On this day 13th July 1967, Pink Floyd made their second appearance on BBC Top Of The Pops to promote their new single, the Syd Barrett penned, ‘See Emily Play’. The single went on to peak at No.6 on the UK chart.
Much mystery and myth surrounds Barrett. Depending on which tale you believe, Barrett either acquired the nickname “Syd” as a reference to an local Cambridge jazz musician, Sid ‘The Beat’ Barrett, or at Scout camp, after wearing a flat cap instead of his Scout beret – the other referring to him as “Syd”, allegedly the kind of name that would go with a working man’s cap.
Barrett’s lifelong passion was painting, although he took up the guitar at a young age, inspired by blues and r&b singers including Bo Diddley. In Cambridge he was friendly with future Pink Floyd members Roger Waters and David Gilmour, so when he attended Art College in London in 1964, he sought out Waters, who had formed a band with fellow students Nick Mason and Richard Wright.
Syd joined The Tea Set in 1965 and in time assumed front man duties on guitar and lead vocals. It was Syd who renamed the band ‘The Pink Floyd Sound’, juxtaposing the names of American Blues artists Pink Anderson and Floyd Council.
In short order, Syd established himself as an adventurous and imaginative songwriter, creating swathes of free-form sound with his Fender Esquire guitar and penning some of the most idiosyncratic, yet quintessentially English, songs ever written.
Now just ‘Pink Floyd’, they helped launched the UFO Club, birthplace of the UK underground. UFO founder Joe Boyd recorded a session for a Syd song, Arnold Layne, in January 1967 at Sound Techniques studio, which became their debut single when EMI signed them. It hit No. 20 in March, and Floyd were on their way. Debut album The Piper at the Gates of Dawn, (of which Barrett wrote eight and co-wrote another two of the songs), was created next door to The Beatles, who were recording ‘Sgt Pepper’s….’ at the time.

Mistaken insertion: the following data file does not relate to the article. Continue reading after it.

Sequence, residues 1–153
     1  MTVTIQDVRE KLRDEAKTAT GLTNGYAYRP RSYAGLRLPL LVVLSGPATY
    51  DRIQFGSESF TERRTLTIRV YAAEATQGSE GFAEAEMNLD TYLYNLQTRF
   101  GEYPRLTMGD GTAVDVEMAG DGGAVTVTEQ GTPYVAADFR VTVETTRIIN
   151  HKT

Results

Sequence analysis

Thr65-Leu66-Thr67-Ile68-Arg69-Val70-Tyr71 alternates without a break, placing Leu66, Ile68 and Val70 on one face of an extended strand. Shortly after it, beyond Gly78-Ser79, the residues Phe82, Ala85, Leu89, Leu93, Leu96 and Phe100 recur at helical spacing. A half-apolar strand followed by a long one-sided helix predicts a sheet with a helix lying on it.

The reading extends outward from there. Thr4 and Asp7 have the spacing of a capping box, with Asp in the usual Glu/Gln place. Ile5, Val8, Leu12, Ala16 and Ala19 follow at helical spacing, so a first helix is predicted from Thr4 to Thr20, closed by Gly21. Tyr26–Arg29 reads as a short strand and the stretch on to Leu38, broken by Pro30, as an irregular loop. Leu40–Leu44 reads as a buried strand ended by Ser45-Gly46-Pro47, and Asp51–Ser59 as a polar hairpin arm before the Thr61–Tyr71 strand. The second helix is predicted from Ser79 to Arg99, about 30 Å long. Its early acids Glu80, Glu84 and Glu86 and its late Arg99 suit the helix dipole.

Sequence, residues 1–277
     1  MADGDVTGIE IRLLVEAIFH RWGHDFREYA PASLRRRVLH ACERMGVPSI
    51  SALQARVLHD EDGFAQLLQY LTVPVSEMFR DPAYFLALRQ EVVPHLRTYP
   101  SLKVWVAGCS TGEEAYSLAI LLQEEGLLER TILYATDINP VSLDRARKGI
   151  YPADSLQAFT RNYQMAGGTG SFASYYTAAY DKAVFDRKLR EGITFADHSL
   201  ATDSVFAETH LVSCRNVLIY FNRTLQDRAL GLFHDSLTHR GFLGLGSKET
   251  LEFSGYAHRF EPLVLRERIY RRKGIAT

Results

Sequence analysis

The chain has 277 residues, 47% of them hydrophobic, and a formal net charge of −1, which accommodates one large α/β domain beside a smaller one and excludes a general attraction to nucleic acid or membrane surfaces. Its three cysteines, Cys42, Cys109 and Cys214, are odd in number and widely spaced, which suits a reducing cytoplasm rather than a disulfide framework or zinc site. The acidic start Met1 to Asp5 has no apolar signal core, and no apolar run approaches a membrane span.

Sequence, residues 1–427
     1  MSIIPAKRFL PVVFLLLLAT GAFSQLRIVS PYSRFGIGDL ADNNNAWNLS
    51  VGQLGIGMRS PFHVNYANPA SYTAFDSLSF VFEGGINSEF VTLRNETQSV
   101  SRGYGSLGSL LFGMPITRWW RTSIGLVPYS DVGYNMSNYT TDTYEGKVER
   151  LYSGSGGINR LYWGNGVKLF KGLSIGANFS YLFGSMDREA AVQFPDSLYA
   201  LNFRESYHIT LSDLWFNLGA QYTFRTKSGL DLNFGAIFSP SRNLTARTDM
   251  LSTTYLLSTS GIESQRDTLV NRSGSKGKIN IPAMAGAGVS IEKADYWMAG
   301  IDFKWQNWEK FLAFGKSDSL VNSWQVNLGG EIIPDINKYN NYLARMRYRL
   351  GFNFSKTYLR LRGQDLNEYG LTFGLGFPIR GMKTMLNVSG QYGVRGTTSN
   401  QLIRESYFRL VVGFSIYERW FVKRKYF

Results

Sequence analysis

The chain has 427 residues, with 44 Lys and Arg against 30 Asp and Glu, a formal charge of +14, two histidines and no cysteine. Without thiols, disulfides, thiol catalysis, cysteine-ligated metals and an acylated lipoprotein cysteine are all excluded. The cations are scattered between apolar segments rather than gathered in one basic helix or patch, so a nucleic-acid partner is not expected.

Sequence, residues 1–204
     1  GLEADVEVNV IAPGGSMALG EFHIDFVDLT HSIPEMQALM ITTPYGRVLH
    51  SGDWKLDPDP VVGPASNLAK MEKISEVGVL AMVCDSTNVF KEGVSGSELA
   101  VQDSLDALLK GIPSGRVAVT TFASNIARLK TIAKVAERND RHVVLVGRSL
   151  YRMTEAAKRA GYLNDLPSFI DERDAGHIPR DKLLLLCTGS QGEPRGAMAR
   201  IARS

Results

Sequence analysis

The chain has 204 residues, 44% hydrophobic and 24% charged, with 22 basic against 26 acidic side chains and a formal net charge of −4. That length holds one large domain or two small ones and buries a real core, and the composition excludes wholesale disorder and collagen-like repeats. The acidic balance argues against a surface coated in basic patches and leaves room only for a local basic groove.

Then it all started to go wrong. Although another Syd song ‘See Emily Play’ gave Floyd their biggest hit (until 1979), throughout 1967 Syd’s became increasingly erratic and unpredictable. It may just have been that Syd wasn’t temperamentally suited to the often repetitive behaviour required of a pop band, but on several occasions he proved unable, or unwilling, to perform. Around Christmas that year, David Gilmour, with whom Syd used to practice guitar licks at Cambridge College of Technology, was asked to join the band as a second guitarist to cover for Syd. The arrangement didn’t work, and soon there was a parting of the ways.
After leaving Pink Floyd, Syd embarked on a brief solo career, releasing two albums, The Madcap Laughs and Barrett, both of which enjoyed production and musical contributions from his former band members. Although well-received, the albums were not big sellers at the time, and Barrett gradually withdrew from the music industry.
When Roger ‘Syd’ Barrett died in 2006, his influence was as strong as ever, making it acceptable to sing in an English voice and helping to develop an indigenous kind of rock, less influenced by Americana. Syd’s songs are continually cited as seminal influences on modern musicians, his anarchic brilliance still much appreciated and revered.
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